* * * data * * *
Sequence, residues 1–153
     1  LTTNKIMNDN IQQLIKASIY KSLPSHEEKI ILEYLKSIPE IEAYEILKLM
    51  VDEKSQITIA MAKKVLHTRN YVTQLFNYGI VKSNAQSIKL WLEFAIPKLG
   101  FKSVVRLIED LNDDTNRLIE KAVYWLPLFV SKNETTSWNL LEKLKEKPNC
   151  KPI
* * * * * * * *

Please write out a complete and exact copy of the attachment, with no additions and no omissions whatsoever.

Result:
Sequence, residues 1–153
     1  LTTNKIMNDN IQQLIKASIY KSLPSHEEKI ILEYLKSIPE IEAYEILKLM
    51  VDEKSQITIA MAKKVLHTRN YVTQLFNYGI VKSNAQSIKL WLEFAIPKLG
   101  FKSVVRLIED LNDDTNRLIE KAVYWLPLFV SKNETTSWNL LEKLKEKPNC
   151  KPI